However, cases of games localized into Japanese where “Stats” has been translated as “Status”  are surprisingly common.  This is problematic because in many Japan-developed games, the “Status Screen” most often displays information such as character health, attack strength and items in that character’s possession, data of a rather different nature from that represented in the example above, which most certainly does not fall into the category of “Status Screen” based upon the common Japanese standard.  The results procured by performing an image search for “Status Screen” (in Japanese: ステータス画面) using a search engine such as Google expresses the nature of this situation clear as day.  Provided this example, you ought to be able to see how the translation of “Stats” into “Status Screen” might evoke a slight of a sense of confusion for Japanese players.

As an aside, in cases where I have found myself tasked with translating “Stats” (in games), some common terminology found in Japanese games such as “Play Record,” “Play Data,” “Record” or “Senreki” (戦歴 – an expression related to Battle/War Record/History) tends to be appropriate when referring to this particular depiction of “Stats”.  Taking into consideration things such as the context of the game world, as well as the sort of item headings displayed on the “Stats” screen are helpful in determining how to handle such related expressions.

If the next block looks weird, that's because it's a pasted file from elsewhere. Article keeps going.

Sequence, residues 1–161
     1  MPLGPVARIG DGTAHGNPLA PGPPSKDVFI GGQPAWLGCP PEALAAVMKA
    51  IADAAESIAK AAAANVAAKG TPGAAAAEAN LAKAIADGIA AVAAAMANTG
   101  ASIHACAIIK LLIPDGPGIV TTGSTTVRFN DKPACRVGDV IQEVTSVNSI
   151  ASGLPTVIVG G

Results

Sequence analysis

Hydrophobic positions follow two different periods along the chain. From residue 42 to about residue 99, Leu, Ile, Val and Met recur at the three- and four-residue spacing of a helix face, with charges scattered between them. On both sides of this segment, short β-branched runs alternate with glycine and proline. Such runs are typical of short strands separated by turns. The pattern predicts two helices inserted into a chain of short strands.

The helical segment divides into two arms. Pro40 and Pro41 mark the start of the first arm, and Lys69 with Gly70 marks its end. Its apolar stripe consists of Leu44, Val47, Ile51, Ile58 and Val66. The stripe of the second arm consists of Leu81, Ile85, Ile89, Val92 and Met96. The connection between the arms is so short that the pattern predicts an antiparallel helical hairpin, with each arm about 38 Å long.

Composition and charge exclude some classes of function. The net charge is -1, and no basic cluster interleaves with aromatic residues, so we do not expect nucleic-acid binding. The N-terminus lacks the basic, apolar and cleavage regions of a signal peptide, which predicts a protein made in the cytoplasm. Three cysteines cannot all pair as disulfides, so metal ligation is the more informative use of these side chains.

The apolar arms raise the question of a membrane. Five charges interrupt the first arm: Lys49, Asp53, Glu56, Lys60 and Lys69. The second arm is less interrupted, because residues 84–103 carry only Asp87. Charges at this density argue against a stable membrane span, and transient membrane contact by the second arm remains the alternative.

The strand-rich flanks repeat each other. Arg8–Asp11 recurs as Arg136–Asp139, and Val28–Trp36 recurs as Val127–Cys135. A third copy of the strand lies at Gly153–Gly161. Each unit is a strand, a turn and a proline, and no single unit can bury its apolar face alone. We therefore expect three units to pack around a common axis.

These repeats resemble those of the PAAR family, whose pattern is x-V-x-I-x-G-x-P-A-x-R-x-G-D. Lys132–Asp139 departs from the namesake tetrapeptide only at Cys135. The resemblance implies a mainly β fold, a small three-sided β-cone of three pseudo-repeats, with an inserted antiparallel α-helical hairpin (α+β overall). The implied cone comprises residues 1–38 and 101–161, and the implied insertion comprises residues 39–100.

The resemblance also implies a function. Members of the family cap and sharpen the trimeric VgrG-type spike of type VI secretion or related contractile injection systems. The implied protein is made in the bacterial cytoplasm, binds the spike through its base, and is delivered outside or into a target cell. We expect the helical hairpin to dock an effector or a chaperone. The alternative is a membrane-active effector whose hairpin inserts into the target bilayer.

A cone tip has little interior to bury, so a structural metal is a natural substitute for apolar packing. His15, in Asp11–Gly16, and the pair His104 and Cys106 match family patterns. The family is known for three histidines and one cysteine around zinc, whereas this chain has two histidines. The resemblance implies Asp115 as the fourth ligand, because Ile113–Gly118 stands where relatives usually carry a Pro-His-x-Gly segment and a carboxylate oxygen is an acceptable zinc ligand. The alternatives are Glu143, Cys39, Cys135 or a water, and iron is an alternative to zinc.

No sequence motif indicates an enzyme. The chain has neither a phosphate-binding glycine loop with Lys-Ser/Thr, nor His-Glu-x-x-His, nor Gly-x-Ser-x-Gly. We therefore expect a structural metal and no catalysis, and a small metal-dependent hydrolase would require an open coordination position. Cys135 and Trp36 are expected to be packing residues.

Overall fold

But this “Stats” issue can be rather pesky, as there exist cases where the translation of “Stats” in English can be handled by a direct translation, where that translation then accurately matches up with the appropriate context in Japanese games as well.  The stats screen below displays information such as “Character Level” and “Health,” content entirely in-line with what a Japanese player would expect to see on a standard “Status Screen” found in many Japan-developed games.  A translation such as the one represented below is clearly appropriate.  As a result, it may be safe to assess that the mere existence of cases such as the example shown below could very well be one of the primary factors directly instigating the alarmingly high number of translators’ misinterpretation of the “Stats” abbreviation.

Image from Aeria Games’ Twelve Sky 2 (

The mistranslation of “Stats” into “Status” stands out as an example of a common video game translation error that I cross quite regularly.  It’s an issue that pops up even in Western titles that are reasonably popular in Japan, titles that may ship over 100,000 units.

However being entirely honest, I must admit that I have also been guilty of such translation crimes in the early days of my foray into the world of game localization.  Luckily in each case the error was discovered and corrected in the process, hence circumventing the risk of such a blunder slipping through the cracks.  Yet based upon these experiences, I felt it worthwhile to take a moment in order alert others engaging in game translation and localization to this rather specific yet significant point of interest.

by Y.G